Both contestants exaggerate, simplify

Bitter exchanges elicit sound bites that distort complex national issues

Election 2004

The debates

October 06, 2004|By Mark Matthews and Julie Hirschfeld Davis | Mark Matthews and Julie Hirschfeld Davis,SUN NATIONAL STAFF

WASHINGTON--Airing some of the most bitter charges of the campaign, Vice President Dick Cheney and Sen. John Edwards at times resorted to exaggeration and oversimplified assertions on a number of complicated issues.

Here is a guide to how their statements measure up against the known facts:

Cheney said, "We heard Senator Kerry say the other night that there ought to be some kind of global test before U.S. troops are deployed pre-emptively to protect the United States."

In fact, Kerry said at the beginning of his first debate with President Bush that he would "never give a veto to any country over our security." But he also said that any pre-emptive action should pass "the global test, where your countrymen, your people understand fully why you're doing what you're doing and you can prove to the world that you did it for legitimate reasons. So what is at test here is the credibility of the United States of America and how we lead the world."

Edwards criticized the administration for not sending more U.S. troops into the Tora Bora mountains of Afghanistan in December 2001, when al-Qaida was on the run and trying to flee into neighboring Pakistan. Instead, he said, the Bush administration relied on Afghan warlords and their troops.

Some U.S. military officers have privately complained that more troops should have been sent in to close off mountain trails and attempt to capture Osama bin Laden.

Edwards said the Bush administration sent 40,000 troops into Iraq "without the body armor they needed."

Although troops had body armor, not all troops had the latest vests, which include ceramic plates that can stop a bullet from an assault rifle. Last fall, nearly one-quarter of the 130,000 U.S. troops in Iraq still had not been issued the new type of ceramic body armor.

Over the past year, the Pentagon has entered into additional contracts for tens of thousands of body armor vests and thousands of armored Humvees.

This year, troops in Iraq and Afghanistan were equipped with about 2,300 armored Humvees --about half as many as commanders said were needed to guard against the roadside bombs that have become the insurgents' weapon of choice. The need for the armored Humvees continues to increase. There are 5,153 armored Humvees in Iraq today, though the Army says 8,105 are required.

Edwards ripped into Halliburton Co., which Cheney headed from 1995 until Bush tapped him as his running mate in 2000, for its no-bid contracts in Iraq and for trading with "sworn enemies of the United States," Iran for one.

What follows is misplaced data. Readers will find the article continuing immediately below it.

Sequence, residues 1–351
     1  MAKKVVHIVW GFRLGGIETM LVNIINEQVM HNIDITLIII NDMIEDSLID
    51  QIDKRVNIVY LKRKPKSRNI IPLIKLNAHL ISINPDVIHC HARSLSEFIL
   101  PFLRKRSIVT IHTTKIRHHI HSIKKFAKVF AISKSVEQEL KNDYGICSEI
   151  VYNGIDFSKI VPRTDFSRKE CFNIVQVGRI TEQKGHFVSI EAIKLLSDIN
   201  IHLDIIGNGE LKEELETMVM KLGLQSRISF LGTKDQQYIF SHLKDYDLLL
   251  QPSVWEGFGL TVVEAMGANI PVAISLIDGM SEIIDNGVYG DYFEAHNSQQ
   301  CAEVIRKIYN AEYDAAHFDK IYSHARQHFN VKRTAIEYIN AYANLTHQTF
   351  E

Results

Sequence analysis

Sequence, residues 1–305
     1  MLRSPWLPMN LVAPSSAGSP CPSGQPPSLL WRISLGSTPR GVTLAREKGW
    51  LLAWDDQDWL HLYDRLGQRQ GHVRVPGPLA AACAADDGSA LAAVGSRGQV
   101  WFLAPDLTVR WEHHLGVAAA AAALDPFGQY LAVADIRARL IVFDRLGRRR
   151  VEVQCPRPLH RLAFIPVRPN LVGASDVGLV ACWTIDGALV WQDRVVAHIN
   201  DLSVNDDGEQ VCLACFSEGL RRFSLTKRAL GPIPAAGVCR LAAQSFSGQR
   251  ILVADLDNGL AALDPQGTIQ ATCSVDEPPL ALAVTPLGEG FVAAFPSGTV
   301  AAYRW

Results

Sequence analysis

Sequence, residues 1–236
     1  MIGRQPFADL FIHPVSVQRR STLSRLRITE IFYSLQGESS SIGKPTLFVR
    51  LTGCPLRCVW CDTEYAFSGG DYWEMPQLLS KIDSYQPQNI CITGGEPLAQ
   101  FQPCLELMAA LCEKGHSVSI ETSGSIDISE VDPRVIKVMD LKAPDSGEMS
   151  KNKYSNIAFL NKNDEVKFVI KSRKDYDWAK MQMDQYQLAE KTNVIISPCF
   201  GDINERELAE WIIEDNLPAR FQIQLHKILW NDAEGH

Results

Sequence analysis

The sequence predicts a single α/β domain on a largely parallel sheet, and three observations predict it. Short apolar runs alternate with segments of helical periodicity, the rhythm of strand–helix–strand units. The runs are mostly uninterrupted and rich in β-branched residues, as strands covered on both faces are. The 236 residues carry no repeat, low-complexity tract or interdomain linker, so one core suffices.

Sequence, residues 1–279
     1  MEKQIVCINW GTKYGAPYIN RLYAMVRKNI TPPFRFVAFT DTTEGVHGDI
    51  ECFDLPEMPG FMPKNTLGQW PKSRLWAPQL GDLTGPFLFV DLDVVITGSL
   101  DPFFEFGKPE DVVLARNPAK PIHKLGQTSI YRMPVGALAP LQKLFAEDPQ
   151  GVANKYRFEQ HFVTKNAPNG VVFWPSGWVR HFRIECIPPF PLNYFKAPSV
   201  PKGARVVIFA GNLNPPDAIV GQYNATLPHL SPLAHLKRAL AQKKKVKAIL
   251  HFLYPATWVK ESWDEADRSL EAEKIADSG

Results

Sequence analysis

Halliburton has been accused of overcharging for oil and food services by Pentagon auditors, who recommended that some of its payments be held back.

The legality of its no-bid contracts has not been challenged by congressional auditors, who reasoned in part that Halliburton was the only company available to tackle some of the major tasks in Iraq. However, a United Nations-created auditing panel has demanded that the administration explain why Iraqi oil revenues were used to pay for some no-bid contracts, chiefly involving imports of gasoline.

Halliburton is also the subject of several continuing probes, including a Justice Department investigation of its activities in Iran, which the United States has labeled a sponsor of terrorism. The company operates in Iran through a loophole that permits a foreign subsidiary to conduct business there despite U.S. sanctions. U.S. and French authorities are also investigating accusations that a Halliburton subsidiary paid bribes to secure business in Nigeria.

Edwards and Cheney both oversimplified what is now known about the links between Iraq and al-Qaida terrorists before the attacks of Sept. 11, 2001. Edwards said the connection was minimal; Cheney maintained Iraq "had an established relationship with al-Qaida."

The independent commission that investigated the attacks concluded that Saddam Hussein had no "collaborative" relationship" with al-Qaida. But the panel and the Senate Intelligence Committee have said there were contacts over the years between Iraq and the terror group. There is still a dispute about how close a connection al-Qaida has with militants in Iraq led by Abu Musab Al-Zarqawi, who the administration says was granted haven by Hussein.

Edwards accused the Bush administration of being "for outsourcing jobs."

Gregory Mankiw, a top Bush economic adviser, said in February that outsourcing is "something that we should realize is probably a plus for the economy in the long run." But later, Mankiw and other Bush administration officials said he was merely saying that outsourcing is a byproduct of trade expansion, which is a positive trend.

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